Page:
Nigeria: Why we now have electricity – Amadi

Dr. Sam Amadi.

Dr. Sam Amadi.

30 August 2015, Abuja – Dr. Sam Amadi is the chairman, Nigerian Electricity Regulatory Commission (NERC). In this interview with PEMBI DAVID-STEPHEN and PAUL CHIAMA, he speaks of the recent successes made in the power reform initiative, the challenges in the power sector and what Nigerians should expect from the sector, among other issues.

It has been observed that power supply seems to have improved lately, why is there “light” now?

Well, we are happy that we are seeing increase in capacity even though we are not satisfied with what we have. We need to do a lot more than we have done and we hope to do more. But essentially, we have light because, one; it is a combination of several activities we have taken especially towards the end of last year. We had meetings with Nigerian National Petroleum Corporation (NNPC). We thought that we have done everything we could do in terms of general regulatory framework but what was missing was project management; closer effective look at the detailing of the electricity market.

So, we started the Chief Executive Officers (CEOs)’ meeting, a regular meeting of all the CEOs in the electricity market. It involves the CEOs of every electricity generation, distribution and transmission companies, including government institutes like the Bureau of Public Enterprises, bulk traders, special taskforce on power and NERC. We meet every second Wednesday of the month. The meeting, which is our innovation, is an idea to move away from the bill picture and get down to problem solved.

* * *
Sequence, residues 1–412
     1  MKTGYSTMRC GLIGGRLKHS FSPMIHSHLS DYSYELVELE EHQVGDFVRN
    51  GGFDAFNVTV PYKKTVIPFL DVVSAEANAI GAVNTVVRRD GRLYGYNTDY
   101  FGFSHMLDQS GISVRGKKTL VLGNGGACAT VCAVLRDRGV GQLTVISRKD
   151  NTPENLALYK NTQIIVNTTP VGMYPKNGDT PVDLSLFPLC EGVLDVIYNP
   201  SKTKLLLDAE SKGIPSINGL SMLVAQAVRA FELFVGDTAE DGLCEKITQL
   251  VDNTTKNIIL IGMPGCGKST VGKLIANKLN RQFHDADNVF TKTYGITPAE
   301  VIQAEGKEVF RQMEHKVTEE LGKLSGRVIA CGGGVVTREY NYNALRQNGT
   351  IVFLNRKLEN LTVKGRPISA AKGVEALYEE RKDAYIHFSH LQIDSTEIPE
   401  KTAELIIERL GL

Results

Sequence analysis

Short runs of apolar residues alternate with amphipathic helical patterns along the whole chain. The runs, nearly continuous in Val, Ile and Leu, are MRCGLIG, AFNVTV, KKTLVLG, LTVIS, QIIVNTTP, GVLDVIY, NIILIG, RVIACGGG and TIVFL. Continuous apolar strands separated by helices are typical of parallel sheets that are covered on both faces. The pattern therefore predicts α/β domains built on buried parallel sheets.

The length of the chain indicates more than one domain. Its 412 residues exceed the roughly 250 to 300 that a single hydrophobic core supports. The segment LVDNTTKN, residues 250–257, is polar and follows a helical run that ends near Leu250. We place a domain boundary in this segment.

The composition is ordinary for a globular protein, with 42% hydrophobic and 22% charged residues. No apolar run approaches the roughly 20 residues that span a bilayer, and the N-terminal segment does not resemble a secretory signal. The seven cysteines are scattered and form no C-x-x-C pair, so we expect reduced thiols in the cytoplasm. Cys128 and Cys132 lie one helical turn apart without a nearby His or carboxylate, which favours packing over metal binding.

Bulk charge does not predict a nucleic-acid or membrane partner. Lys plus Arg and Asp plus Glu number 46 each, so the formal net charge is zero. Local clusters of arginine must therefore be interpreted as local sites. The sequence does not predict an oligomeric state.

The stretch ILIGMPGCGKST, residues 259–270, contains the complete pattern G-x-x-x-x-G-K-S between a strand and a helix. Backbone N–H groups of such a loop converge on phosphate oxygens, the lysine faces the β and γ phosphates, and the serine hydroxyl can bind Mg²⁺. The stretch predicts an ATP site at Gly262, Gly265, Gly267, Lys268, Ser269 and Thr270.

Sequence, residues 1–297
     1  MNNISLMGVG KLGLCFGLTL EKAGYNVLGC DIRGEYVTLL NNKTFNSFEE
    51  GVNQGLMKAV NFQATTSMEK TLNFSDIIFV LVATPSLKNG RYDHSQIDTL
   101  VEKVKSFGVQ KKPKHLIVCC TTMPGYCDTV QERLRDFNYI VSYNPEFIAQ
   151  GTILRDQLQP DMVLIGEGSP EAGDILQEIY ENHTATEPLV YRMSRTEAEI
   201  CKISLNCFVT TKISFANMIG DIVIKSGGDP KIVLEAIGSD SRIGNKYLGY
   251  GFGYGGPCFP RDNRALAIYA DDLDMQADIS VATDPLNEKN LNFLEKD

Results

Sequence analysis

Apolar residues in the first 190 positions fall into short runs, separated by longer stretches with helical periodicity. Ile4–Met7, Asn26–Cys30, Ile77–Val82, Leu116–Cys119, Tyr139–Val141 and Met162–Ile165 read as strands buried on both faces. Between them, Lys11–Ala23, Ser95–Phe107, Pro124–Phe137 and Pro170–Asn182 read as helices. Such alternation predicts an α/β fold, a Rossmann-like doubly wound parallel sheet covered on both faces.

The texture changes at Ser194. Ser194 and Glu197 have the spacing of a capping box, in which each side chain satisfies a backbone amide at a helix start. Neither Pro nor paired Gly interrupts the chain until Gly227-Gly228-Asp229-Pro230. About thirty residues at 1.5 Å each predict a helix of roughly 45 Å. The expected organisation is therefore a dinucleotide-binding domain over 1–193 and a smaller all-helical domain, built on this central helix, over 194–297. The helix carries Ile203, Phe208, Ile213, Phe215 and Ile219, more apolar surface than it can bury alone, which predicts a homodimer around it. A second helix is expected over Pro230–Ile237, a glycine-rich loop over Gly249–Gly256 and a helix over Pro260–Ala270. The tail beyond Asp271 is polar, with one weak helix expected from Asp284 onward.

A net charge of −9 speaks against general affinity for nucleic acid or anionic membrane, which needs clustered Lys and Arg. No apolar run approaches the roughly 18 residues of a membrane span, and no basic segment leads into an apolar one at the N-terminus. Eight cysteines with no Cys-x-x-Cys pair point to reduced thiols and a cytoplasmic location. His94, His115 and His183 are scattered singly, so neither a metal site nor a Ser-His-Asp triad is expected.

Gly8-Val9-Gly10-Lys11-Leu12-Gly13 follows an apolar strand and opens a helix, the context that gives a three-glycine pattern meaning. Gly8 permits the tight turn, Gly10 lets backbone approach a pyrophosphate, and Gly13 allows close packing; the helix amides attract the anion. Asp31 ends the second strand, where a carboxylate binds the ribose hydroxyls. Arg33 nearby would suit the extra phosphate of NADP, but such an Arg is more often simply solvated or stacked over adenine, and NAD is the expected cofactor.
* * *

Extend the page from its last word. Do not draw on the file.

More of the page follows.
At the meeting every month, we flag all the issues that people in the field have contributed. We flag all the issues that the CEOs of these companies have raised. So, at each of those meetings, we sit down, pay closer attention to these problems and provide solutions to them.

Therefore, what you are seeing is partly as a result of the success of those meetings because initially, we were more concerned with regulations. But now, since last year, we are now saying, ‘let’s now sit back and look at how these regulations are working’.

So, we discovered, for example, that gas is a problem. So, NERC started the idea of the Central Bank of Nigeria (CBN) intervention fund. It was an idea, and the idea was simple; we felt that you need to put liquidity into the sector. If you do not have the components of gas supply, then, they won’t send to the market; rather, they will send to fertilizer and other industries. We wanted to pay off debt of over $14bn owed to gas suppliers. So, that is the first measure.